Keen on building relationships founded on experience and trust, Britcon has earned its reputation of being a multifunctional civil engineering and building company, capable of serving numerous sectors
As demand from customers for a more diversified set of services grew in the late 1980s, Specialist Surfacing’s chairman Derrick Hunt set up Britcon – a civil engineering company, to act alongside his road surfacing and road planning business. What followed was a series of successfully completed projects and the broadening of Britcon’s expertise that enabled the company to operate in several distinct sectors. “We grew steadily in the 1990s and relocated to our current facility in Scunthorpe in 1998. There we found an existing workshop facility, which our chairman turned into the steel fabrication, design, and erection division of the company,” Managing Director, Paul Clarkson begins. “We had considerable success in the 2000s, particularly in general construction, where we had got involved in a long-standing programme with VOSA (Vehicle and Operator Services Agency). Over a period of sevento- eight years, we completed various projects nationwide that amounted to more than £40 million. In the meantime, our steel business focused part of its work on supporting Network Rail with the construction of a number of steel structures along the network.”
When the 2008 financial crisis turned the business world upside down, Britcon had firmly been on the growth curve. Little opportunity was to be found in either the public or commercial sectors during the recession, so the company focused on repositioning itself in a new area. “We diversified into the energy sector, which sustained the business during that turbulent time. We were fairly successful between 2009 and 2012, in particular, but even today, we have created a niche in this sector and have aspirations to grow it,” Paul discusses. “The company has completed several STOR (Short-Term Operating Reserve) plants across the country, and, in general, we can see a lot of opportunities, as the sector is moving away from the old forms of energy. Battery storage is also coming to the fore, so, we are certainly planning to take advantage of these ongoing trends.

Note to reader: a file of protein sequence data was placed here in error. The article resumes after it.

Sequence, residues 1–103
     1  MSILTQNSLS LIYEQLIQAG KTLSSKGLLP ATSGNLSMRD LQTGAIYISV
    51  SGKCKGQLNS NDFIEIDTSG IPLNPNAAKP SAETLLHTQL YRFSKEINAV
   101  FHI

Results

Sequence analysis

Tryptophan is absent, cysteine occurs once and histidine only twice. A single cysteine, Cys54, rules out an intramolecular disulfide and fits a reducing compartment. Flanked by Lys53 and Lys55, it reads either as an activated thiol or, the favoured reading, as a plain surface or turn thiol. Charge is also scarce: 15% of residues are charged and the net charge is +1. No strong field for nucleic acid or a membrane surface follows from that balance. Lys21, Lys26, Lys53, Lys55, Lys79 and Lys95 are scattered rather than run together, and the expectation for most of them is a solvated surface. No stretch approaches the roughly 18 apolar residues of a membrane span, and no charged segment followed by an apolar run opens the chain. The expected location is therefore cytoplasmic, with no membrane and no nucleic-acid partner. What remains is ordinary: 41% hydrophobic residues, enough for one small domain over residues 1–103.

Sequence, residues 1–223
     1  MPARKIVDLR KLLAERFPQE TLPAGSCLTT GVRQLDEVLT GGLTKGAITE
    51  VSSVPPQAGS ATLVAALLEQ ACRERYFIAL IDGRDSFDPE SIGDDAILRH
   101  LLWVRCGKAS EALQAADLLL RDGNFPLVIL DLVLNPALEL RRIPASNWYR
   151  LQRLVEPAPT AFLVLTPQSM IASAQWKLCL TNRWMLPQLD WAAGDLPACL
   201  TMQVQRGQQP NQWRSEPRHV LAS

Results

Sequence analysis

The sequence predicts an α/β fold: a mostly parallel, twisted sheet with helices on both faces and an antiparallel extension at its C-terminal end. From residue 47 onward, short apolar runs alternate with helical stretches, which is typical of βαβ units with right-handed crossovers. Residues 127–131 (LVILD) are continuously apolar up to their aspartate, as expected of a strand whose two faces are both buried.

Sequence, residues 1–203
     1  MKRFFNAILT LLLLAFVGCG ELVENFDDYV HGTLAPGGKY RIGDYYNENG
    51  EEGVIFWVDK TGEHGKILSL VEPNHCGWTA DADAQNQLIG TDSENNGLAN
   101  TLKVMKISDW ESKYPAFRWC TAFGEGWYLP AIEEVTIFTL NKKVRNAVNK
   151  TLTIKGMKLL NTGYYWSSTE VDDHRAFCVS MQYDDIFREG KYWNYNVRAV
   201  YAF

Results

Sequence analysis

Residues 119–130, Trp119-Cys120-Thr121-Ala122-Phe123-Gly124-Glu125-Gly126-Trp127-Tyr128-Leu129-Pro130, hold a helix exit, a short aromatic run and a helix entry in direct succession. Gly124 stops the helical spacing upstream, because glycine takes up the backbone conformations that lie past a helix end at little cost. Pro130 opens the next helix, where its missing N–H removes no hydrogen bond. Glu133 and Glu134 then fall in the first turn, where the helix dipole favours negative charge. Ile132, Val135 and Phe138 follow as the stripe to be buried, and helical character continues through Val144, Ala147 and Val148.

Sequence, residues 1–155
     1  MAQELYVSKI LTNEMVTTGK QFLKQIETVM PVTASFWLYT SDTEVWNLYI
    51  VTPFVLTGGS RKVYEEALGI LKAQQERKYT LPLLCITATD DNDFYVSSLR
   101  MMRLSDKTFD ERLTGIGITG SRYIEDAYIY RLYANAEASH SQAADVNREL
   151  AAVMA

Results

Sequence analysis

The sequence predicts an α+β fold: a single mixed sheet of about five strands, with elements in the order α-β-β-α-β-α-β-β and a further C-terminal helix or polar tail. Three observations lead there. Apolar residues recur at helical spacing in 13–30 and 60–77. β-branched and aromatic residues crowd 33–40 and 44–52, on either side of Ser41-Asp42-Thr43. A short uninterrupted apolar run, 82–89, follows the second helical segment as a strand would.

“In recent years, we have also built four anaerobic digestion plants – two in Doncaster, one in Widnes, and one in Dagenham, for ReFood. When we first diversified into green energy, we were awarded a contract to construct the first plant in Doncaster, but, over time, we have built on that relationship to eventually deliver the construction works for another three plants,” he outlines. “The latest facility – in Dagenham, represents a £32 million investment by ReFood, and is the most advanced integrated AD plant dedicated to food waste in the south of England. In fact, the food waste from the first two plants is converted to gas used to produce electricity, while the gas from the latter two sites is injected directly into the National Grid after being carefully tested continually for full compliance with the Gas network’s stringent requirements. Our involvement in these projects is an excellent example of us targeting a specific market, getting a foothold and building lasting relationships, allowing ourselves to grow and move on to larger schemes.”
While the energy sector has been a fast-growing field for Britcon, it is commercial and industrial building that has proven the core sector for the organisation since the turn of the century. Paul details: “We often develop warehousing and office spaces, but where we have really seen growth in the last few years, is in our work for process-led manufacturers. We have partnered with steel producers and chemical factories, for example, all of which are businesses running complex processes that need a level of support in civil engineering.”